- A nurse will start an intravenous (IV) line in your arm so that medications and fluids can be administered during the procedure.
- The cardiac catheterization room is cool and dimly lit. The air must be kept cool to prevent damage to the x-ray machinery that is used during the procedure. You will be offered warm blankets to make you more comfortable.
- You will lie on a special table. If you look above, you will see a large camera and several TV monitors. You can watch your cardiac cath on the monitors.
- The nurse will clean your skin at the site where the catheter (narrow plastic tube) will be inserted (arm or groin). The catheter insertion site may be shaved.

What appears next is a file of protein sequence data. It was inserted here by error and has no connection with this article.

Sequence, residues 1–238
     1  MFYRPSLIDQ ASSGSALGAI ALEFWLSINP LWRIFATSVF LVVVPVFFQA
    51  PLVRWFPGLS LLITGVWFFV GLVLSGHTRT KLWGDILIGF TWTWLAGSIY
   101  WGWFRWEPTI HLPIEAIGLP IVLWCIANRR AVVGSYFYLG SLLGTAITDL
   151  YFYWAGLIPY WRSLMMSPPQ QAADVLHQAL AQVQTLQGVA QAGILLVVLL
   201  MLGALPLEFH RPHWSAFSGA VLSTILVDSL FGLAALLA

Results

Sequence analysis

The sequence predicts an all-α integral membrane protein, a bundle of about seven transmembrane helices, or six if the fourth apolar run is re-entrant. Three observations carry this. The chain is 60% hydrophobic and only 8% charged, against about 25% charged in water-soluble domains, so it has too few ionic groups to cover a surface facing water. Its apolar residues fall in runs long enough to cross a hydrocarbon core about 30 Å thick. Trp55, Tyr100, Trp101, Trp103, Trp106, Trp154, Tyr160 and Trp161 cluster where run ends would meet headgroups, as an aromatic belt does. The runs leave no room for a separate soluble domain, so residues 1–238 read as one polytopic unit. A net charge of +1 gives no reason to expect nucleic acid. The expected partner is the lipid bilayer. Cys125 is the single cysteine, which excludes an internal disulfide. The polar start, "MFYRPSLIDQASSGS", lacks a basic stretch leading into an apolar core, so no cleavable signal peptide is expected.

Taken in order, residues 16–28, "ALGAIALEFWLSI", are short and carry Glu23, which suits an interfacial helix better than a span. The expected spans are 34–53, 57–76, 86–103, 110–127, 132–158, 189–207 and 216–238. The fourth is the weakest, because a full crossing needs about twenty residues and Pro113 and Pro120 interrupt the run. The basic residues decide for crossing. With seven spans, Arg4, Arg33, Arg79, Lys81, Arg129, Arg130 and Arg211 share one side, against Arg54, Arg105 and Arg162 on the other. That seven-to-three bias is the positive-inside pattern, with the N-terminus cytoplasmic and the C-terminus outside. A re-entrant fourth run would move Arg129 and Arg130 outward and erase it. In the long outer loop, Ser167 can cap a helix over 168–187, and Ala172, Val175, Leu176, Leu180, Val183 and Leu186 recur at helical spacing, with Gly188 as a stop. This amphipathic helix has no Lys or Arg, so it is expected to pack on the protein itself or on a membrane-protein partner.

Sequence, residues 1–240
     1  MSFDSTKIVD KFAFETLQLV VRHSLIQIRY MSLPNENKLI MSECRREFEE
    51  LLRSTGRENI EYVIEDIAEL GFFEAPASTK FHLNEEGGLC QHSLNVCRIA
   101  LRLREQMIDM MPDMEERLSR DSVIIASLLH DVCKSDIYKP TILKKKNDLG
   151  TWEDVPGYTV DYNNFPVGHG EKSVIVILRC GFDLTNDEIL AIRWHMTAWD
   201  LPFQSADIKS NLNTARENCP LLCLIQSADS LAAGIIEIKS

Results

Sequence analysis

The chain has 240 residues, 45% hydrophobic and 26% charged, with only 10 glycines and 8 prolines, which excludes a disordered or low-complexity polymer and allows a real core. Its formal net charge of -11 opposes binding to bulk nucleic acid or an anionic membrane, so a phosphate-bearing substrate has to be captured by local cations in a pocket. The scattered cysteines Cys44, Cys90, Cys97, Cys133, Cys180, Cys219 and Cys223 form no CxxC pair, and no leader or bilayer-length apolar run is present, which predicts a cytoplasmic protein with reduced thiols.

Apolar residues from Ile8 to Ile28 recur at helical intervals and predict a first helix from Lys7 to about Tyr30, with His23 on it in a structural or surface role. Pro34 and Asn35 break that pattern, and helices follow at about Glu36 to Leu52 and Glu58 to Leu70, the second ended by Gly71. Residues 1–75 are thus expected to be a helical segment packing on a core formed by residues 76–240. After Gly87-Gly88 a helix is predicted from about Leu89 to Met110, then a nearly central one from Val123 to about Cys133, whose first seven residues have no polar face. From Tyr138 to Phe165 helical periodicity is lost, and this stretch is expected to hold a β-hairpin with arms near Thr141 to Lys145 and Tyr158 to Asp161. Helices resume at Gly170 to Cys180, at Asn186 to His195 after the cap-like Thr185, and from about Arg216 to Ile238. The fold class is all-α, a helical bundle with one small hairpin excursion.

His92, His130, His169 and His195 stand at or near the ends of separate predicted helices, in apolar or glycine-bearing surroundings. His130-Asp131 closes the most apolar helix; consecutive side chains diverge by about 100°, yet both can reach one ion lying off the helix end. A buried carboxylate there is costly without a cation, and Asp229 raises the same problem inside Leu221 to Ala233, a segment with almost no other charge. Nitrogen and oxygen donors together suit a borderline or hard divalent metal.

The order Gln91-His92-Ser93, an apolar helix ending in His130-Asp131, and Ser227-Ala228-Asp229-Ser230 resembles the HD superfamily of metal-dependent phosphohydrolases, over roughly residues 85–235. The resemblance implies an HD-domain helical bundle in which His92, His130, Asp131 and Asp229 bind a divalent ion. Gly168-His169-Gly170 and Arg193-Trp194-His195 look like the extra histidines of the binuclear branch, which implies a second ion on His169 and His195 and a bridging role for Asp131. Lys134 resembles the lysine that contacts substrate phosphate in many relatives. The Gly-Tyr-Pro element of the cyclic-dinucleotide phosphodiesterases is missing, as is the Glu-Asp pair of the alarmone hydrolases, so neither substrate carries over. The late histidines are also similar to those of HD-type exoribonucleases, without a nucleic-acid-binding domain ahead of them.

- Sterile drapes are used to cover the site and help prevent infection. It is important that you keep your arms and hands down at your sides, under the sterile drapes.
- Electrodes (small, flat, sticky patches) will be placed on your chest. The electrodes are attached to an electrocardiograph monitor (ECG), which monitors your heart rate and rhythm.
- You will be given a mild sedative to relax you, but you will be awake and conscious during the entire procedure.
- In some cases, a urinary catheter may be needed during the procedure.
- The doctor will use a local anesthetic to numb the site. A plastic introducer sheath (a short, hollow tube through which the catheter is placed) is inserted in a blood vessel in your arm or groin. A catheter will be inserted through the sheath and threaded to the arteries of your heart. You may feel pressure as the introducer sheath or catheter are inserted, but you should not feel pain. Tell the nurse or doctor if you feel any pain.